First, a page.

Posts Tagged ‘happiness’

Kids Explain the Meaning of Happiness

April 6, 2014

 

Click on the link to read 5 Reasons Why It’s Healthy to Encourage Children to Play

Click on the link to read Allowing Children to Stand Out From the Pack

Click on the link to read Hilarious Examples of Kids Telling It As It Is

Click on the link to read Kids Can Operate an iPad but Can’t Tie their Shoelaces

Click on the link to read What is the Difference Between Over-Praising Children and Lying to Them?

Things Children can Teach us About Happiness

September 3, 2013

 

kids

 

Courtesy of Melissa Sher:

1. They go with their gut. Small children don’t spend a lot of time fretting over whether they made the right decision. They’d much prefer to spend time fretting over whether you gave them the right color of cup at lunch.

2. They live in the moment. They don’t dwell in the past. They don’t worry about the future — unless they are being told that it’s almost bedtime.

3. They believe. Little children believe in the Tooth Fairy, Santa Claus and the power of Band-Aids. If nothing else, trying to peel the backing off the adhesive distracts kids from what ails them. When all else fails, put a Band-Aid on it.

4. They make stuff. They draw. They sculpt. They glue. They paint. They cut anything they can get their hands on. Seriously, keep your scissors hidden and don’t say you weren’t warned.

5. They dance. Do you know the expression, “Dance like nobody’s watching”? They do that. Except for the all the times when they want to make damn sure that someone is watching.

6. They sing. They break into song at the drop of a hat. Anytime. Anywhere. Even in the bathroom. Who are we kidding? Especially in the bathroom.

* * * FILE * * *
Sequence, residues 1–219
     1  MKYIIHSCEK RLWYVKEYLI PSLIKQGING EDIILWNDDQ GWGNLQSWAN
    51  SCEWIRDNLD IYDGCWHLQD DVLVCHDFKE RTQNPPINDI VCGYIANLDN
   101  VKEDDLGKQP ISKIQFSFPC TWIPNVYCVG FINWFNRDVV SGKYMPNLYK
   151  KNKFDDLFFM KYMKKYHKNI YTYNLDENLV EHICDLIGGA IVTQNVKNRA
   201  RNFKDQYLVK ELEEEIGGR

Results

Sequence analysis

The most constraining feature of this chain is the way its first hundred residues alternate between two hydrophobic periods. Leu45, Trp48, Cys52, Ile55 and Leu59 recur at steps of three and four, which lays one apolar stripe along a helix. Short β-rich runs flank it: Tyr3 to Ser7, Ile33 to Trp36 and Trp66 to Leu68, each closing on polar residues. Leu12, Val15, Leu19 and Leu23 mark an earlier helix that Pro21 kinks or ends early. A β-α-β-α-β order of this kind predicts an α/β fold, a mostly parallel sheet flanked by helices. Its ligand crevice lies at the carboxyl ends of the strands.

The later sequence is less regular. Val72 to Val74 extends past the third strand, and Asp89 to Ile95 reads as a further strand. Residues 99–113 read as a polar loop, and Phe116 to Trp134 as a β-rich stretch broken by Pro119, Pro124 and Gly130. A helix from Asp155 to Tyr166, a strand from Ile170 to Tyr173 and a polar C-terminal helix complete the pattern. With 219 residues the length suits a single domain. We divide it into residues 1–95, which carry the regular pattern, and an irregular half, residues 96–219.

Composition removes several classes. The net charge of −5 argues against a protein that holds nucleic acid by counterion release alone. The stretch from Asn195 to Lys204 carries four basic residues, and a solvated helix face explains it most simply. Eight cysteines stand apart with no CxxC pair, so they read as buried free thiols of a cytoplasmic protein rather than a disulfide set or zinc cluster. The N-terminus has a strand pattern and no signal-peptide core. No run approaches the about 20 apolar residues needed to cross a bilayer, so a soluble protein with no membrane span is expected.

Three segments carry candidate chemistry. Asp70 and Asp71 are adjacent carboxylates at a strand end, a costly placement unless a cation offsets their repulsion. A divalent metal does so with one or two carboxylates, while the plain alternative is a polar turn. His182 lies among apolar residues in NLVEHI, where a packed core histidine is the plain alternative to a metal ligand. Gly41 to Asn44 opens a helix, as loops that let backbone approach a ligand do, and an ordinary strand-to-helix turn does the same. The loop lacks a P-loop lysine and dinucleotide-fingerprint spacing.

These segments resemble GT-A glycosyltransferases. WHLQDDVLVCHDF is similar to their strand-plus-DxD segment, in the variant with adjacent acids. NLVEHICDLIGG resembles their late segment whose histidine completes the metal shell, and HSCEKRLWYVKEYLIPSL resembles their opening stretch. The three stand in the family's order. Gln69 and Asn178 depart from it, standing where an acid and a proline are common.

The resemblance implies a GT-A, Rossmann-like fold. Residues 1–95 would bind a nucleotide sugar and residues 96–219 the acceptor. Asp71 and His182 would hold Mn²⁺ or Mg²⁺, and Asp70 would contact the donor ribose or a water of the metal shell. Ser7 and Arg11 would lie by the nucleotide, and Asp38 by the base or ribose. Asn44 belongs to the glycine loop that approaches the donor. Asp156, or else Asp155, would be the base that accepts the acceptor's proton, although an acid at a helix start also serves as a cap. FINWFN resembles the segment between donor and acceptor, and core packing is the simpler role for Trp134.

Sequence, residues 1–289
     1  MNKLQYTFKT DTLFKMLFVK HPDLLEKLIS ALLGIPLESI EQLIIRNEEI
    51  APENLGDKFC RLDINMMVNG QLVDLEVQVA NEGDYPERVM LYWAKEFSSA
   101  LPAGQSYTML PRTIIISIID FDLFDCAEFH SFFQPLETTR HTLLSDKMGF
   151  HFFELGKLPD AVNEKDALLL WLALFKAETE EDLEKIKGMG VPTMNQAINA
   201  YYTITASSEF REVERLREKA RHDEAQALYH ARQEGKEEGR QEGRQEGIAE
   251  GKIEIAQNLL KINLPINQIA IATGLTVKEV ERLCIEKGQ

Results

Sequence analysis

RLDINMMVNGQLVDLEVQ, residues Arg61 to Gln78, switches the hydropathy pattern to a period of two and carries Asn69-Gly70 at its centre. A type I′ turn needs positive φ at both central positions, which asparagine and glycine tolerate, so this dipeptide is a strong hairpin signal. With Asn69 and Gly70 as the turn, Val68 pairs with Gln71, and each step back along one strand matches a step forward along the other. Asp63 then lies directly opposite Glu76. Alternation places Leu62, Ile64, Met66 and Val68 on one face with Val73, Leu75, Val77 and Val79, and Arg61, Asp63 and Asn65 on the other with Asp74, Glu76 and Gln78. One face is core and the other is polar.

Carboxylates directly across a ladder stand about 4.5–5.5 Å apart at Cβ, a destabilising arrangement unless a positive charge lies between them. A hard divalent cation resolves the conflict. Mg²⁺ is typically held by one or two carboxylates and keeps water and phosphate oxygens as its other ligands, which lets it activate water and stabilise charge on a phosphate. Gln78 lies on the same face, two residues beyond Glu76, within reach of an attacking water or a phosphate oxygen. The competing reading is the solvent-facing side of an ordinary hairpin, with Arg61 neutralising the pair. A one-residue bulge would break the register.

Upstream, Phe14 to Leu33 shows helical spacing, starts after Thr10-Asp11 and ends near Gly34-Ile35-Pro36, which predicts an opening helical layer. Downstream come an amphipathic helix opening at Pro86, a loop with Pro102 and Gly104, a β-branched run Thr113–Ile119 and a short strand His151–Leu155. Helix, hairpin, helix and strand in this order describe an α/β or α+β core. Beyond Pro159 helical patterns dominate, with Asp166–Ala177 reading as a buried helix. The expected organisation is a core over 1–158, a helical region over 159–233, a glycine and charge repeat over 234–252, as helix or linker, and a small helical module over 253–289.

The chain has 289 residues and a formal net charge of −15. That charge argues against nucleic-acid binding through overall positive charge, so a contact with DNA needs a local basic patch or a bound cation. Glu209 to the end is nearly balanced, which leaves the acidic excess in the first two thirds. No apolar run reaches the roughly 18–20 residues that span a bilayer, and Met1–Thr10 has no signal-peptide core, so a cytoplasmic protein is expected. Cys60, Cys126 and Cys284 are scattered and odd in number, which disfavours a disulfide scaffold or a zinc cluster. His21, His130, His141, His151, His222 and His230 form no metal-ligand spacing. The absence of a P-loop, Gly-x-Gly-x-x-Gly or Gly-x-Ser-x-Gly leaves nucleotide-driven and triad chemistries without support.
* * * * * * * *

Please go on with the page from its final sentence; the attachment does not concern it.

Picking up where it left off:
7. They hum. Little children hum to themselves quite a bit. Why do they hum? Because they can’t whistle.

8. They say what they mean. They speak their mind. They don’t need to get anything off their chests because they’ve already said everything they needed to in the first place. If adults did that, there would be a lot less drinking at Thanksgiving.

9. They get excited. They get so excited! (But have a hard time understanding the “future,” so be careful when you tell your son his birthday is coming up… in a couple months.)

10. They don’t care if it’s new. A child’s favorite movies are the ones she’s seen again and again. Her favorite books are the ones she’s been read over and over. And if she has a favorite dress, she’ll want to wear it every day. But adults? We’re obsessed with new. We want to be the first to eat in a new restaurant, see a new movie or wear a designer’s new “It” bag. Adults are really annoying like that.

11. They stop and smell the roses. They’re big on smelling things. Of course, the irony is that so many small children aren’t potty trained and don’t seem to give a sh*t about their own you-know-what.

12. They don’t discriminate. Until taught otherwise, they’re accepting of everyone. Well, everyone except babies. The number one insult from a small child is being called a “baby.”

13. They admit when they’re scared. This lets us help them alleviate their fears. Sometimes, the solution is as easy as turning on a night-light. If only all of our fears could be solved by turning on a night-light.